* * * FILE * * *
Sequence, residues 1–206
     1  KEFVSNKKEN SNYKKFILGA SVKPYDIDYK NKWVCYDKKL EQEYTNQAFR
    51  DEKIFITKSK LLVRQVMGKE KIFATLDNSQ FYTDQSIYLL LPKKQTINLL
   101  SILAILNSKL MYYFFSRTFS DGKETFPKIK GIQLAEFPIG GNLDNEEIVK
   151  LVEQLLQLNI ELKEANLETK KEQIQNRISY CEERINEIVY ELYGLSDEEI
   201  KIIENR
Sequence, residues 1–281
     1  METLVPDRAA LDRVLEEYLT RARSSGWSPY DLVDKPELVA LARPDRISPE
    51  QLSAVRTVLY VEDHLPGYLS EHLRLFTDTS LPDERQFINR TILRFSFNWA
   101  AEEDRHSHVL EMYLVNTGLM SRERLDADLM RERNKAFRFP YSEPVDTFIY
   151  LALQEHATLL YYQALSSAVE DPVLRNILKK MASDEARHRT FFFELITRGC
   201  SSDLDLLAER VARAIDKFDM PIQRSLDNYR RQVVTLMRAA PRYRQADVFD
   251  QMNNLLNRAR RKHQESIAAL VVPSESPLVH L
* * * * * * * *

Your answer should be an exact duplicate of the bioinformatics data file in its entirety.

Sequence, residues 1–206
     1  KEFVSNKKEN SNYKKFILGA SVKPYDIDYK NKWVCYDKKL EQEYTNQAFR
    51  DEKIFITKSK LLVRQVMGKE KIFATLDNSQ FYTDQSIYLL LPKKQTINLL
   101  SILAILNSKL MYYFFSRTFS DGKETFPKIK GIQLAEFPIG GNLDNEEIVK
   151  LVEQLLQLNI ELKEANLETK KEQIQNRISY CEERINEIVY ELYGLSDEEI
   201  KIIENR
Sequence, residues 1–281
     1  METLVPDRAA LDRVLEEYLT RARSSGWSPY DLVDKPELVA LARPDRISPE
    51  QLSAVRTVLY VEDHLPGYLS EHLRLFTDTS LPDERQFINR TILRFSFNWA
   101  AEEDRHSHVL EMYLVNTGLM SRERLDADLM RERNKAFRFP YSEPVDTFIY
   151  LALQEHATLL YYQALSSAVE DPVLRNILKK MASDEARHRT FFFELITRGC
   201  SSDLDLLAER VARAIDKFDM PIQRSLDNYR RQVVTLMRAA PRYRQADVFD
   251  QMNNLLNRAR RKHQESIAAL VVPSESPLVH L